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SEC Crackdown On ICOs Leads To New Lawsuits

NYC

According to legal analytics firm Lex Machina, cryptocurrency related lawsuits are up over 300 percent this year, with over 45 legal cases opened in the first half of the year.

The report highlights the ongoing crackdown from the SEC on initial coin offerings, with the regulatory agency accounting for up to 30 percent of this year’s legal battles.

In November alone, the SEC targeted EtherDelta, a decentralized trading platform for Ethereum tokens, and two crypto-companies, AirFox and Paragon, for raising capital through the sale of their tokens without registering them as securities. The two ICOs, which raised $15 million and $12 million respectively, were ordered to return funds to all investors, register their offerings as securities, and pay fines of up to $225,000.

Despite Washington’s fire-at-the-hip approach, however, regulators have given a number of crypto-companies the opportunity to retroactively register their offerings as securities. Additionally, the report notes that ICOs are getting off easy compared to traditional banking institutions for the same charges, with the “wealth management” arm of Bank of America, Merrill Lynch taking a $1.25 million hit for selling unregistered securities back in March.

The SEC Draws a Line in the Sand

Last week, the SEC also released a statement, drawing clearer regulations in relation to the cryptocurrency space.

In the cease-and-desist proceedings of AirFox and Paragon, the SEC highlighted several key issues by which other potential cryptocurrency companies should follow. Related: The Intrinsic Value Of Gold-Backed Cryptos

In what has generally been considered the ‘new-normal’ this year, the SEC reinforced its position that most ICOs are essentially securities offerings and must comply with traditional securities laws, including registering the tokens, clarifying information about the company, the securities it is offering, and the product itself. Though there are some potential exemptions, it’s becoming clear that very few, if any, crypto companies will qualify for special treatment.

In a statement from the SEC, the agency notes, “market participants must still adhere to our well-established and well-functioning federal securities law framework when dealing with technological innovations, regardless of whether the securities are issued in certificated form or using new technologies, such as blockchain.”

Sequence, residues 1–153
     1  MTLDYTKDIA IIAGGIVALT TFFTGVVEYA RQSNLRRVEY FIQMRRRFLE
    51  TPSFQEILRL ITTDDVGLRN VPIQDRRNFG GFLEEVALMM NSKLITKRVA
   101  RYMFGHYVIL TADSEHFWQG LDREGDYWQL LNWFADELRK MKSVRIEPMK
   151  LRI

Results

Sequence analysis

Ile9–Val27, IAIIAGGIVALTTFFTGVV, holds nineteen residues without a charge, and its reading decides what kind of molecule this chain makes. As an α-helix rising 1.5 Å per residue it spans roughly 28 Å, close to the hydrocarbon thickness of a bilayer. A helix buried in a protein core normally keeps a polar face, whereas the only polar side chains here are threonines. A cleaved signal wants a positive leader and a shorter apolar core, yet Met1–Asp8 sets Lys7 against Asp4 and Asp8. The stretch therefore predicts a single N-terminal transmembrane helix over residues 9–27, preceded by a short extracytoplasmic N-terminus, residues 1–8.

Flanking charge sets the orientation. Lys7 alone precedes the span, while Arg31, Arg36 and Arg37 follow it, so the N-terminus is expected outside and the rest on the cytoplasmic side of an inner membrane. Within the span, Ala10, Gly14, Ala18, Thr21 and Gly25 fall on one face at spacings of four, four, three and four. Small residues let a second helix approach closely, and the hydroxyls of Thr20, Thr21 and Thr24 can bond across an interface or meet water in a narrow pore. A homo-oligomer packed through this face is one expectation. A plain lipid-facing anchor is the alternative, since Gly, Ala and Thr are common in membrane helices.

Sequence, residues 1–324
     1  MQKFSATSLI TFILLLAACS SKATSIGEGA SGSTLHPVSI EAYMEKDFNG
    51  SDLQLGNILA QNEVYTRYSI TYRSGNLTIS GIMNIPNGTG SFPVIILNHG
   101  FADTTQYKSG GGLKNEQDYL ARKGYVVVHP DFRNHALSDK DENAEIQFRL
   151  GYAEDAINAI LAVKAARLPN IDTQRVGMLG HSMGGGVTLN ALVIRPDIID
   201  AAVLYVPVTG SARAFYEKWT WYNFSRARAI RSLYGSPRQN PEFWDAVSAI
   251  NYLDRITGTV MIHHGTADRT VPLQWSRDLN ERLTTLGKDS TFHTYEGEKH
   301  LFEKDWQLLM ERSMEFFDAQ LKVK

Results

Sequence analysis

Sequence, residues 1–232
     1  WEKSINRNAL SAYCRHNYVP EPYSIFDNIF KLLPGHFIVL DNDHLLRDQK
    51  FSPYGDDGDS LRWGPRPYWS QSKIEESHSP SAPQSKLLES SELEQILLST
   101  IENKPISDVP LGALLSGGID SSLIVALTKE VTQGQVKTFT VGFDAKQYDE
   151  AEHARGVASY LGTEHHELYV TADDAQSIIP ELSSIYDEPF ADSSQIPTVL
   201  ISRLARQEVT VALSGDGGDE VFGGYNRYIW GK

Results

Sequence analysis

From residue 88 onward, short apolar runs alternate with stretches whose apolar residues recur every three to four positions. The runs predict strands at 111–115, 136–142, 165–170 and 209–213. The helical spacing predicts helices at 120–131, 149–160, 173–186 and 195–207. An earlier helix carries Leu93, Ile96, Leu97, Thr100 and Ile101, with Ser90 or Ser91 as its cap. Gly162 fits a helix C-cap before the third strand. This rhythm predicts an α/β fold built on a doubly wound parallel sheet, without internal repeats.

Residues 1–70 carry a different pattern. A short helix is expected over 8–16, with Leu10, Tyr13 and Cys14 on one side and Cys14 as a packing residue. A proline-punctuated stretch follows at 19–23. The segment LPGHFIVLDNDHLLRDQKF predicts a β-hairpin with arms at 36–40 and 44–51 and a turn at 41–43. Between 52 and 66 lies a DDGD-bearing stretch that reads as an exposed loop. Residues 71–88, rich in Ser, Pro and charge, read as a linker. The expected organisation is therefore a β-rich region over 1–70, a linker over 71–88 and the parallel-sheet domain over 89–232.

The SEC also underlined new expectations for exchanges, including smart contract-based decentralized exchanges, stating, “A platform that offers trading in digital asset securities and operates as an "exchange" (as defined by the federal securities laws) must register with the Commission as a national securities exchange or be exempt from registration.”

Though the crackdown seems harsh, it does provide better insight into what the SEC expects from ICOs and cryptocurrency companies moving forward.

The Changing Face of ICOs

Security Token Offerings, or STOs, have become somewhat of a buzzword this year, with many blockchain and crypto companies rolling back their ICO plans in favor of a new, more compliant STO.

STOs, like normal securities, offer investors the opportunity to take ‘ownership’ over what a particular offering represents, such as equity, real estate or derivatives in addition to bringing greater liquidity to markets.

Related: Stocks Slide Sideways As Uncertainty Mounts

In addition to bridging the gap between traditional finance and the crypto-space, STOs offer enhanced credibility to the cryptocurrency space, subjecting companies to a new process of approval before they are able to begin selling their offerings. This move, in particular, stands to benefit the space, which has become bogged down with schemes and scams, products that do not live up to what they claim, and flat out thievery.

With the Wild West of crypto funding coming to an end, however, the ‘little guy’ arguably takes another hit in the world of traditional finance. Because the SEC requires would-be investors in “riskier” pre-sale rounds to be ‘accredited,’ retail investors often miss major opportunities to get in on offerings at extremely low-price points.

 Whether this move into a more regulated space will be good for cryptocurrency markets remains to be seen, but one thing is certain, ICOs are changing and there are serious consequences for those trying to skirt the rules.

By Michael Kern via Crypto Insider

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